Ray Poynter is President-Elect of ESOMAR, which is a member’s organisation and the business community of insights and analytics, and Chief Research Officer at Platform One. With decades in the market research field, Ray says he has enjoyed both success and failure, which has taught him things he hopes to pass on. He’s also written books including The Handbook of Mobile Market Research and The Handbook of Online and Social Media Research. We caught up with Ray about his time at Salford when he studied Computer Science and Economics back in the 1970s.  

What are some of your favourite memories of studying at the University? 

My favourite memories include: Discovering the painter LS Lowry, whose paintings were in the Art Gallery on the campus in those days; discovering chicken biryani and hot sauce at Charlie’s Plaza; being Treasurer of the Student’s Union; and playing rugby for the University. But my favourite memory is meeting so many new people from so many different backgrounds. 

How did your studies at the University help you in your career? 

My first job out of university put my Computer Science degree to work as a programmer. From there, I went on to spend 45 years at the interface of technology and market research, finding ever better ways to understand people’s hopes, beliefs and attitudes – in a commercial context. (Despite the fact that everything I learned about computers in the years 1975 to 1978 has long since moved from current practice to the history books.)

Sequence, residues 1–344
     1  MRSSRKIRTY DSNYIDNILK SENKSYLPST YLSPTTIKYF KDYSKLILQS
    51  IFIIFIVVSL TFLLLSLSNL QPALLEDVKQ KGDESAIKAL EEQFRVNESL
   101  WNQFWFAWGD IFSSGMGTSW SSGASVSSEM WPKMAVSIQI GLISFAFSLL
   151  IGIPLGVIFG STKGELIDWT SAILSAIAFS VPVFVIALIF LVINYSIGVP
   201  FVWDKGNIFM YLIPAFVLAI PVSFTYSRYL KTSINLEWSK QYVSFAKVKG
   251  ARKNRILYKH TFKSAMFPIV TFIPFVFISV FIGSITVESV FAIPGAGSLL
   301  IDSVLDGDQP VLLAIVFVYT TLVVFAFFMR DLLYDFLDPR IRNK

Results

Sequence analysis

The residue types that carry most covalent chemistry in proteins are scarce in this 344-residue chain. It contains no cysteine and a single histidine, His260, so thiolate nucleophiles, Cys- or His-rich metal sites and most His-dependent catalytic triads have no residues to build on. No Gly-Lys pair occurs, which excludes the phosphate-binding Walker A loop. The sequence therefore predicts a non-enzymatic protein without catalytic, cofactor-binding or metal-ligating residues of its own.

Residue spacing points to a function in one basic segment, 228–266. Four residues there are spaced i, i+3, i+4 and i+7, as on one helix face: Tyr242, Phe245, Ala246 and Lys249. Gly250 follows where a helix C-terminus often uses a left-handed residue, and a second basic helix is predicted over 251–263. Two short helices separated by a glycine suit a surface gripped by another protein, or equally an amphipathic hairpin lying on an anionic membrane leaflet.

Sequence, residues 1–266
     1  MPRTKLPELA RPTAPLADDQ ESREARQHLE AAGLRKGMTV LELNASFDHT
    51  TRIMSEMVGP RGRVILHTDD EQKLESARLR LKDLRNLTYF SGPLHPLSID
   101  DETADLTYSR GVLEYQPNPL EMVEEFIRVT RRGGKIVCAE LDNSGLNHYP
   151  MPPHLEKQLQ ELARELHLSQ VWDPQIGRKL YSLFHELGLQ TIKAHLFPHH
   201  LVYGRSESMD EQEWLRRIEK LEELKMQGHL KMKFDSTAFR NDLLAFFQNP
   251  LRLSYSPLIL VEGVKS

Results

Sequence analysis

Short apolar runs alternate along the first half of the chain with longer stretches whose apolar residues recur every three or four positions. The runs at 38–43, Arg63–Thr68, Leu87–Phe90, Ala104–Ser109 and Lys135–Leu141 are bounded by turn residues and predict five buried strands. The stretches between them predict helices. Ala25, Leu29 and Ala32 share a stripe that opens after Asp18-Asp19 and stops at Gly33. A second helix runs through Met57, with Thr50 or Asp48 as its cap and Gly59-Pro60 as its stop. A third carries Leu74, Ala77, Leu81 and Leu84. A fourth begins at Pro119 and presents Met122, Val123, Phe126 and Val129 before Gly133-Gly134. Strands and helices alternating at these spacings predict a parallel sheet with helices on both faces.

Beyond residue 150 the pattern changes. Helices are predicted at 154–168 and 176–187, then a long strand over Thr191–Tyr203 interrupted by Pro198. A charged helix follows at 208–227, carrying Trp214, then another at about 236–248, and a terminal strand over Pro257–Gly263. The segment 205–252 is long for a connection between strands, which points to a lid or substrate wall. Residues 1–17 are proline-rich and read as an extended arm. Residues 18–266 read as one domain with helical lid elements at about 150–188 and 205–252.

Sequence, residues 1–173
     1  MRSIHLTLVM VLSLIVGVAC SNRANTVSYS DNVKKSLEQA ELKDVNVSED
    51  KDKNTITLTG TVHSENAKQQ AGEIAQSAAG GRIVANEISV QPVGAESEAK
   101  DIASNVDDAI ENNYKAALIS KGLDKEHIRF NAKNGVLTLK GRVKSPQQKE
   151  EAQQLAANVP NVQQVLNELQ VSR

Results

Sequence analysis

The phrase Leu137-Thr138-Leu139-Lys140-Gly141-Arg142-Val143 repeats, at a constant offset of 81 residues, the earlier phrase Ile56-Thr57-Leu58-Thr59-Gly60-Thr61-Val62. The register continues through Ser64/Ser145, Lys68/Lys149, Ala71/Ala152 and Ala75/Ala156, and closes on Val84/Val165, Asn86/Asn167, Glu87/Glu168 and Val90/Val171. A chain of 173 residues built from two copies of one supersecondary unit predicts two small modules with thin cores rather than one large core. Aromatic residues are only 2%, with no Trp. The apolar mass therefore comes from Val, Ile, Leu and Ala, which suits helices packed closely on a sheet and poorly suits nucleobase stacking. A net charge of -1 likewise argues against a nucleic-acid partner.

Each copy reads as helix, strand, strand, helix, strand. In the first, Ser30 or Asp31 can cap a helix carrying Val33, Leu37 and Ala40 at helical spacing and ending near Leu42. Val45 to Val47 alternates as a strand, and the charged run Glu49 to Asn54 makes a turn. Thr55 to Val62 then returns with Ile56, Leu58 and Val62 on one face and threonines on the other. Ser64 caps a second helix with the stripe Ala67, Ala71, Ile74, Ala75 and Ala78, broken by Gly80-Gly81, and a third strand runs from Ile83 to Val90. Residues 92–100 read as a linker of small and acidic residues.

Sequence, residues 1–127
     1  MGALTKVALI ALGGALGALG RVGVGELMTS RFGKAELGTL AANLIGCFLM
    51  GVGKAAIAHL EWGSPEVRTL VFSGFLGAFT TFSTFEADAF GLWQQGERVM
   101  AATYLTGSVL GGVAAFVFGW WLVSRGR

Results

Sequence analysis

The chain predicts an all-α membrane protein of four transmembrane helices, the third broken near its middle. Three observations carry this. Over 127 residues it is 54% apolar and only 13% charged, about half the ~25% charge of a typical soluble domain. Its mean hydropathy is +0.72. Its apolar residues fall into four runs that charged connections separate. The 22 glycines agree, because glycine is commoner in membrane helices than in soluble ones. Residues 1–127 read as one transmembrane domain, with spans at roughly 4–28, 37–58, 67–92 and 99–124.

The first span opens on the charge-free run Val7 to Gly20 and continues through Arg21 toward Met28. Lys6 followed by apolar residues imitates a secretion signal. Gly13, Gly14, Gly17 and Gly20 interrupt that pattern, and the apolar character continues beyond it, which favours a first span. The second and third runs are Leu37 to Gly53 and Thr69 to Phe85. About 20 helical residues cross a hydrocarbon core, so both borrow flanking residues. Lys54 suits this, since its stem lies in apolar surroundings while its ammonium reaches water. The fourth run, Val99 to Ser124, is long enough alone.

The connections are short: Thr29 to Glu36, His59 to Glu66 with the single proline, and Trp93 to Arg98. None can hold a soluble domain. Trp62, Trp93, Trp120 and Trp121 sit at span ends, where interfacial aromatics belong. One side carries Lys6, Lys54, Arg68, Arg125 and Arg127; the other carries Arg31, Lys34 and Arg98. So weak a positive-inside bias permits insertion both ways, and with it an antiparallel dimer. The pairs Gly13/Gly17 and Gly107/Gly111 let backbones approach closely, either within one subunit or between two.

What advice would you give to students and alumni wanting to pursue a career in Business? 

I offer two pieces of advice to anybody looking for a career in business. The first: Don’t work in your strongest field, work in a field that interests you where you can leverage your strongest field. If I had stayed as a computer programmer there would always have been better programmers. But by specialising in the science of understanding consumers, I became a relative expert in the field of computer science. 

My second piece of advice is to understand how companies make their money, don’t become fixated on your role in isolation. In business, your role is there for a bigger reason, and that reason usually relates to how the organisation makes money.  

Ray even returned to the campus recently, to speak at the first international Netnography Conference at The University of Salford. Ray said: ‘The first international conference on Netnography was held on 26-28 July at the University of Salford in the UK. I was delighted to attend the conference, representing ESOMAR (who were a sponsor of the event). For anybody unfamiliar with it, netnography is the blending of ethnography, social media, and qualitative research’ 

Thanks to Ray for sharing his story with us… have you got an alumni story? Email alumni@salford.ac.uk to tell us yours!